One of our goals this year is to give our readers problem-solving content to assist with the daily challenges all business owners face. We all know too well that running a business is extremely hard: as such, we want to create some informative and appropriate problem solving content. This content will give you the opportunity to learn from others just like you, who have gone through exactly what you are going through now.

We are going to conduct a series of Q&A’s with successful entrepreneurs regarding the problems they face and how they solve them.

To begin, we interview business tech entrepreneur, Adii Pienaar, founder of WooThemes and Receiptful.

Dan: Give me your 60 seconds elevator pitch, Adii. Why should our readers listen to what you have to say?

Adii: There’s only one reason to listen to me: I don’t mind making mistakes and I don’t mind sharing my experience and learning from those. That approach to life and business has helped me co-found WooThemes before and is now fuelling my ambition for my new venture, Receiptful.

Dan: What is the biggest challenge you faced in business and how did you solve it?

Adii: My biggest challenge was a very personal one: before I exited WooThemes, I didn’t feel stimulated, challenged or that my rate of learning was sufficient. I knew I had to work on something new (to feel excited & challenged again), but there was no obvious way to do that and I’d have to leave a helluva lot behind me (at that point, WooThemes had been a 6-year journey for me).

But I ultimately made the decision to dive into the deep-end and started working on something new. The first attempt failed horribly and I became quite depressed. But a year on from exiting WooThemes, I’m now working on Receiptful, where we’ve built up quite a bit of momentum and most importantly: I’m loving the challenge of building something new.

Dan: That’s awesome, great to see how Receiptful has grown over the past few months. We will definitely keep an eye on this one!

Dan: Have you ever fired a client? Why? Any regrets?

Adii: Yes. And no regrets.

Every now and again, we’d get a really irate customer at WooThemes. The root cause of this was always a combination of factors, for which some of them we were definitely the guilty party. As such, our instinct was always to say sorry and to try fix a situation. But that unfortunately didn’t always work and some individuals would swear at us, insult us or call our integrity into question. In those situations, I would always issue a full refund and close the customer’s account, because any business relationship is about mutual respect. (In most instances, these individuals would then come back, apologize for their behaviour and would re-purchase the products I had previously refunded.)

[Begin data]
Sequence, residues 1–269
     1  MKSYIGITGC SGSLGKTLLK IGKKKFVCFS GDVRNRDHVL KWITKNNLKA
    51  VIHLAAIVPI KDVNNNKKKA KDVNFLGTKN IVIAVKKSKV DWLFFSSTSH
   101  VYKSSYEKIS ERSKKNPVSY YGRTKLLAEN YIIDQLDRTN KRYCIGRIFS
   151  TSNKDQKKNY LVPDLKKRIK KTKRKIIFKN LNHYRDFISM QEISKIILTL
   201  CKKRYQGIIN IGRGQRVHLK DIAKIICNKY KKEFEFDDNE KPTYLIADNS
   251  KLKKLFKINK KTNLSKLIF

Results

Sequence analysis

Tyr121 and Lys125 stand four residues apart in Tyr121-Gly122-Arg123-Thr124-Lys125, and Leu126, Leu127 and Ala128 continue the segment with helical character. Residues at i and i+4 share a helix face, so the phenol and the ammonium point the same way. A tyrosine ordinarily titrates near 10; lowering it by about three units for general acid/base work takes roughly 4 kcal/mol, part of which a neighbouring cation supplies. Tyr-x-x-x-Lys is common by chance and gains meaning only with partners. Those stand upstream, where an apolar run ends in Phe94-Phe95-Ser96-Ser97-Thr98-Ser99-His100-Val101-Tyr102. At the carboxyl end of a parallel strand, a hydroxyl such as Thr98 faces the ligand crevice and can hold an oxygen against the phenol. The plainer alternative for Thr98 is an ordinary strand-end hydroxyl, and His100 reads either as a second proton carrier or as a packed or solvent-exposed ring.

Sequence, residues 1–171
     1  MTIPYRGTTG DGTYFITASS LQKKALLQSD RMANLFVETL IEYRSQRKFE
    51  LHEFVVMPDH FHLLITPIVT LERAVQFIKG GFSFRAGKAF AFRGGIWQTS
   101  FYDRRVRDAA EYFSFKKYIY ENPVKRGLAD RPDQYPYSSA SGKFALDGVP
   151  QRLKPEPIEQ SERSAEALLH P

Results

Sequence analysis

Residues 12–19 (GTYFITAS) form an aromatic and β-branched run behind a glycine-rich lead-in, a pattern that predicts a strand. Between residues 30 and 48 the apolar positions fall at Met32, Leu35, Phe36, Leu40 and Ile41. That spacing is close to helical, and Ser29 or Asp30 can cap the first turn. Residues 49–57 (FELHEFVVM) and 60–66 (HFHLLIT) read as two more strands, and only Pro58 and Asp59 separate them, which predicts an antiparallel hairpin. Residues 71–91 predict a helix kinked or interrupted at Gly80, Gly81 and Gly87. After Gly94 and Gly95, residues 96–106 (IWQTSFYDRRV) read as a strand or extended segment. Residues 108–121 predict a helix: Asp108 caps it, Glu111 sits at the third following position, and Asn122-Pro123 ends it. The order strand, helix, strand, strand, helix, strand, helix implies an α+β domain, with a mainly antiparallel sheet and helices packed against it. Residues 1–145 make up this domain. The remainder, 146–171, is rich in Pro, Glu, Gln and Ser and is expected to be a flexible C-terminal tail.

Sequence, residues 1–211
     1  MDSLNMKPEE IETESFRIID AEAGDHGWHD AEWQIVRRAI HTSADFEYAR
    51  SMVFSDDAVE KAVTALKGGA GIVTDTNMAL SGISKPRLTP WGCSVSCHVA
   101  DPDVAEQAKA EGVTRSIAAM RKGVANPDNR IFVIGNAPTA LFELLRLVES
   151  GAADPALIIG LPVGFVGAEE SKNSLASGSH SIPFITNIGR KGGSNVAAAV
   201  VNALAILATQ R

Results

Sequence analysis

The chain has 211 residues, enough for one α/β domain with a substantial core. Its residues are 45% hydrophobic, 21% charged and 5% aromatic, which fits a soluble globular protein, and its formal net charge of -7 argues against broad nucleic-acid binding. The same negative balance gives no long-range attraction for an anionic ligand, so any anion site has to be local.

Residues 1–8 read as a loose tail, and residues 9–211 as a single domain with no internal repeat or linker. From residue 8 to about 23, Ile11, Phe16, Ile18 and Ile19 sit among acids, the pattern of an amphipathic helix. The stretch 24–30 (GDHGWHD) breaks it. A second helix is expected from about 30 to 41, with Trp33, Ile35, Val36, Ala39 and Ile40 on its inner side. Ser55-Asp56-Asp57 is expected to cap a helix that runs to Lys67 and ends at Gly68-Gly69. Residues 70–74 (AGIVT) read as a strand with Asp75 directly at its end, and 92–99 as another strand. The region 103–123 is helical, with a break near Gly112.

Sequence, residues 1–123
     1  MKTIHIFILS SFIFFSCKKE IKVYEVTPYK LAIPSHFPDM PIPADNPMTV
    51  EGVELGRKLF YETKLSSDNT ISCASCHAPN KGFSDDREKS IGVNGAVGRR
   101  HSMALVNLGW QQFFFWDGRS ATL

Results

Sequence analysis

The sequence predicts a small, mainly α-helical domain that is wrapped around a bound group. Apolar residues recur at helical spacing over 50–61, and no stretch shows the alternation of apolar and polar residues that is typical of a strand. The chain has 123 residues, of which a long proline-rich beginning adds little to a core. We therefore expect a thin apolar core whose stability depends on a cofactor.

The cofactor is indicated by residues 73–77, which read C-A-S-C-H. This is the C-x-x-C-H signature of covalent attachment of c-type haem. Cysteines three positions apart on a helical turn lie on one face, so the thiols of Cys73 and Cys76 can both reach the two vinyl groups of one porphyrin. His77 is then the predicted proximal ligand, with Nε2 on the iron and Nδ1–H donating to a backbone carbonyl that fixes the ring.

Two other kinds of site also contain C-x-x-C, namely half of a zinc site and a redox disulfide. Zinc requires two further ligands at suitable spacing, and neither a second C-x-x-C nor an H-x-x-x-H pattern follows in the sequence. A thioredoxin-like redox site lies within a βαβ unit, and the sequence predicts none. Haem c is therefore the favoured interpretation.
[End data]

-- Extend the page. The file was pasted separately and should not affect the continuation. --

Dan: I did some research before this interview: I asked a few small business owners what problems they faced. The first question that popped up was around cash flow. What advice do you have for small business owners when it comes to managing their cash flow?

Adii: Only spend money on things that generate revenue.

Dan: The next trend around small business problems is about hiring and firing. One comment I found particularly interesting was, “Finding good sales staff is impossible, unless you have huge salaries to offer, which as a startup we don’t” – What are your thoughts on this?

Adii: Finding any good people on a small budget is hard; the best people deservedly demand the best salaries. In attempt to find a workaround for this, I’ve always tried a balanced approach of youth & experience. I love working with relatively young & immature individuals whom I can help mould over time. This means that I favour their personality (they need to have a willingness to work hard & learn) over skills and experience (both which can be developed over time).
Whilst this results in a bit of a learning curve and a lag in having a positive net impact on the business, it’s a viable route on a smaller budget.

Dan: On that note, what are your thoughts around the likes of Zappos, Amazon and other big players paying employees to leave if they don’t work out?

Adii: I don’t have any real context, but I know that Zappos specifically is very focused on maintaining company culture. In that sense, I think one bad apple will spoil the culture for the rest and that team + company culture should always have priority regardless of what it takes.

Dan: Lastly, what advice do you have for small business owners heading into 2015?

Adii: Just do it: try new things and if they don’t work, learn from your mistakes and try again. There’s no silver bullet in business and no amount of best practice or knowledge in business books will make your business a success if you don’t try new things.

Some great tips from a truly successful entrepreneur, born and raised in South Africa. Let us know if this interview was helpful and please comment with any questions you have for Adii, he will respond on the post directly.

If you have any questions you would like answered in future interviews, post here and we’ll ensure they get covered.

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